Magnetic field of a circular particle accelerator

Suppose there's a $500 \ GeV$ proton beam ($q=1.6 \times 10^{-19} C$) inside a circular particle accelerator, what would be the magnetic field intensity $B$ in Teslas required to keep it stable at a ...
0
votes
1answer
57 views

Combined function magnet

I am searching how a combined function magnet for accelerator physics works, but on the books that i have and on the web i can find only patents for this thing, that suppose to know already how this ...
1
vote
0answers
29 views

Why can't electrostatically accelerated deuterium beams neutralized by electrons produce net energy fusion? [duplicate]

I was looking through the various nuclear fusion approaches and it struck me that they all suffered from one of two problems. Either they wasted a lot of energy trying to accelerate fusion fuel to the ...
1
vote
1answer
35 views

Can spin polarisation restrict the possible types of LHC proton-proton collisions?

Despite the massive luminosity at the LHC, it's probably correct to say that no two collisions are ever identical, even up to symmetry. Not only are there all possible impact parameters, but the ...
3
votes
1answer
77 views

How are the two proton beams at the LHC accelerated in opposite directions?

At the Large Hadron Collider (LHC), how are the protons in the two beams accelerated in opposite directions?
0
votes
1answer
32 views

5UDH Tandem electrostatic accelerator

What does UDH stands for in the name of an electrostatic accelerator 5UDH-2 Tandem accelerator? Does it is related to its working or just a trade mark?
10
votes
1answer
624 views

Do particle accelerators centrifuge the quarks of a proton?

Is it right that circular particle accelerators use magnetic fields to deflect the particle beam? Using the simple equation of "a charged particle in a magnetic field": ...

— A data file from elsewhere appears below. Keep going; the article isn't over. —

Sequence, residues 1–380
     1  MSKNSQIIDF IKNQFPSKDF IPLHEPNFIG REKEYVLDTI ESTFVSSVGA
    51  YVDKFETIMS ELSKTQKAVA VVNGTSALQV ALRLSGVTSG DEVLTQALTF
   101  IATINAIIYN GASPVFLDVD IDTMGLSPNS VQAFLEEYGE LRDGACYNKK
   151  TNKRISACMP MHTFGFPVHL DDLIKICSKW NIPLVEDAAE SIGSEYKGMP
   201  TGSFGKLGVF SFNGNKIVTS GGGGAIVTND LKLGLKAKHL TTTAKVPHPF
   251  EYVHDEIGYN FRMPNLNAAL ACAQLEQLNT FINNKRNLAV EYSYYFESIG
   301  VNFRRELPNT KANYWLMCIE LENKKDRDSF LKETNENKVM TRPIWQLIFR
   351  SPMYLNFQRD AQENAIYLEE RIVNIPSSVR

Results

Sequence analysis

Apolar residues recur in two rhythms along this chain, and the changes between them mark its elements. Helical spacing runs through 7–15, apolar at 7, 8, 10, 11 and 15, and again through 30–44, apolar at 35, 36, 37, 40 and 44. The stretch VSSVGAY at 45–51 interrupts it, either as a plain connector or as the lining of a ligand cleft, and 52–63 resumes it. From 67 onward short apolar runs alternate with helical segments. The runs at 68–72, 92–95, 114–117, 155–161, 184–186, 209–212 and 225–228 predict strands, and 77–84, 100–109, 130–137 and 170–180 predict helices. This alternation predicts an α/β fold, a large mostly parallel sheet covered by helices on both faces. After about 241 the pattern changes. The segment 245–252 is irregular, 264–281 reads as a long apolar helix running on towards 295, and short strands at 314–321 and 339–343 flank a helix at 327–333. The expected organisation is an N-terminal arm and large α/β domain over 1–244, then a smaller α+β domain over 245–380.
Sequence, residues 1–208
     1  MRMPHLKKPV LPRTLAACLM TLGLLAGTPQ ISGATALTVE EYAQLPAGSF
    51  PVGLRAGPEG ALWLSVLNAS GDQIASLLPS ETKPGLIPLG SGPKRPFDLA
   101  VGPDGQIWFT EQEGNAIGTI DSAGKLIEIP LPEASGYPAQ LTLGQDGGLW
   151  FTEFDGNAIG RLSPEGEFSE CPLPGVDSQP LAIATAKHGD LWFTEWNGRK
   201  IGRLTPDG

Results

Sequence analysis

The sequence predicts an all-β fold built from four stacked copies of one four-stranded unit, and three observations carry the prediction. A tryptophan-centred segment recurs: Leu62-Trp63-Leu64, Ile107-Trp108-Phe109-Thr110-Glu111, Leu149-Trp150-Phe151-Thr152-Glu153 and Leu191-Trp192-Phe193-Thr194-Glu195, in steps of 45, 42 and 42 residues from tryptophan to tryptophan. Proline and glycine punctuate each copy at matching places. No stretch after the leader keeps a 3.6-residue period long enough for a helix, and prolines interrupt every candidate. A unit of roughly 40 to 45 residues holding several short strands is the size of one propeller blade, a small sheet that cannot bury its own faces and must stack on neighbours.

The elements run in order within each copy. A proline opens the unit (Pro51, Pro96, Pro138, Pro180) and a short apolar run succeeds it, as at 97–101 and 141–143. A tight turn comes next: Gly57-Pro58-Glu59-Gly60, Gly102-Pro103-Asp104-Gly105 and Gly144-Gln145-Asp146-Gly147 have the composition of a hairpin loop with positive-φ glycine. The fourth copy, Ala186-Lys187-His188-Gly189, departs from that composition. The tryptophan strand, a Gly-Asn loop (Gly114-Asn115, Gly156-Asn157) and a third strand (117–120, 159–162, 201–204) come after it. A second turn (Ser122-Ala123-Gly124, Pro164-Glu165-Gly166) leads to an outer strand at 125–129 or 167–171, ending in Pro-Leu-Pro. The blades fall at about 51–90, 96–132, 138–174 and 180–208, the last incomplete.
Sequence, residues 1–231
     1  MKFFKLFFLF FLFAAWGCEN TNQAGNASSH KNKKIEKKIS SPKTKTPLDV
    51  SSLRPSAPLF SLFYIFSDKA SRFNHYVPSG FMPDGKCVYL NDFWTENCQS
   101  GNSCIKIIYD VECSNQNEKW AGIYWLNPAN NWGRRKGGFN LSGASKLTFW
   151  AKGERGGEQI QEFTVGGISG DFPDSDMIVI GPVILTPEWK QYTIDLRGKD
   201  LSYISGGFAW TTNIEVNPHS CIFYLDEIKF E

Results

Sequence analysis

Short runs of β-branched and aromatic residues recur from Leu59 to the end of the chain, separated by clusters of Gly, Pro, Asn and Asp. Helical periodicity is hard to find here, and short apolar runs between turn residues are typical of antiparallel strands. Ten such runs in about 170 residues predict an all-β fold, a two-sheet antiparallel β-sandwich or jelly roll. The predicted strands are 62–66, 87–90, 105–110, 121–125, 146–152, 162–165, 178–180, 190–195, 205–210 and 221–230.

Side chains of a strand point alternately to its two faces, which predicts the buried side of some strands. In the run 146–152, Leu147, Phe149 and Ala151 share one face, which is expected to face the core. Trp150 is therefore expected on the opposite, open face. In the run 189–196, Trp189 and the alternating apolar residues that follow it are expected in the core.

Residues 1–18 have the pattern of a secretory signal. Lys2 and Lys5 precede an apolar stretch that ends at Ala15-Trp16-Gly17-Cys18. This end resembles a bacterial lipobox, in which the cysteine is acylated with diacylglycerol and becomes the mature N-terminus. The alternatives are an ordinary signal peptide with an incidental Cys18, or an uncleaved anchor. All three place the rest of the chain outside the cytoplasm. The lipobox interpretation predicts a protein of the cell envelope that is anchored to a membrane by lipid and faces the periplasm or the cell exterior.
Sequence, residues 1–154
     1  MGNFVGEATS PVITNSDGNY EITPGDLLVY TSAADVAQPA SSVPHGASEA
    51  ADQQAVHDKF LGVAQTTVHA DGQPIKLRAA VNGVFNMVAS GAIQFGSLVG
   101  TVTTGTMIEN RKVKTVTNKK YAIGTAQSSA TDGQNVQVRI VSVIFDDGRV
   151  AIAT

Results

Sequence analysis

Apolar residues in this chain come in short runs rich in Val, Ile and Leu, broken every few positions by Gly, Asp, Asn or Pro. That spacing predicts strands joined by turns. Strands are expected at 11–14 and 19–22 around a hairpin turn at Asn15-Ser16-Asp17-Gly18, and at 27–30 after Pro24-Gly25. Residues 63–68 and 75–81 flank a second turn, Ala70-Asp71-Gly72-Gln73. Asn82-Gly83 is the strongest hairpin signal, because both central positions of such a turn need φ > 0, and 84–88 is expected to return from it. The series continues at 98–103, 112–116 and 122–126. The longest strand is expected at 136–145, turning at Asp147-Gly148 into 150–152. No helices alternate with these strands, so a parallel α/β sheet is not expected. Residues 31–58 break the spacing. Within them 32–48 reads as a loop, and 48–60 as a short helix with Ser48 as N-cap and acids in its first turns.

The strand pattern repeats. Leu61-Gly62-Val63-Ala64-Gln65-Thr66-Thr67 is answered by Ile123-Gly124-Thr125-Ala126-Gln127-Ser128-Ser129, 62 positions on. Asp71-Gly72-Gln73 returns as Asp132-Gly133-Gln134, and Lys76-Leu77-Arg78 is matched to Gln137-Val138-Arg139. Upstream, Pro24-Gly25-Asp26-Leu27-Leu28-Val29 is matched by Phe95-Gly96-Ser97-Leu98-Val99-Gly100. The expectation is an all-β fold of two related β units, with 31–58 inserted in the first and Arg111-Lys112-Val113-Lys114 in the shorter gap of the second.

1
vote
2answers
50 views

Advantage of using higher luminosity accelerator

If two accelerators operate at the same energy but different luminosity, is the only advantage of accelerator with a higher luminosity that there will be more events in a given amount of time, thus it ...
3
votes
1answer
86 views

Why is an electrostatic accelerator so inefficient at converting wall power to beam power?

I was reading up on electrostatic particle accelerators when I read a statistic stating the efficiency of converting wall electrical power (the electrical power from the outlet) into beam power in an ...
4
votes
1answer
157 views

Why would an alpha-beryllium neutron source generating a radioisotope not produce controllable net power?

I have a question. I was looking through the table of nuclides and noticed that the energy needed to produce certain radioisotopes was less than the energy given off by the radioactive decay of that ...
1
vote
1answer
120 views

Using ion beam to create strong magnetic field

Consider, I want to make very strong magnetic field in some spot in space ( focus ) but I cannot put any solid material ( like metal conductor, or superconductor ) close to that spot (e.g. because ...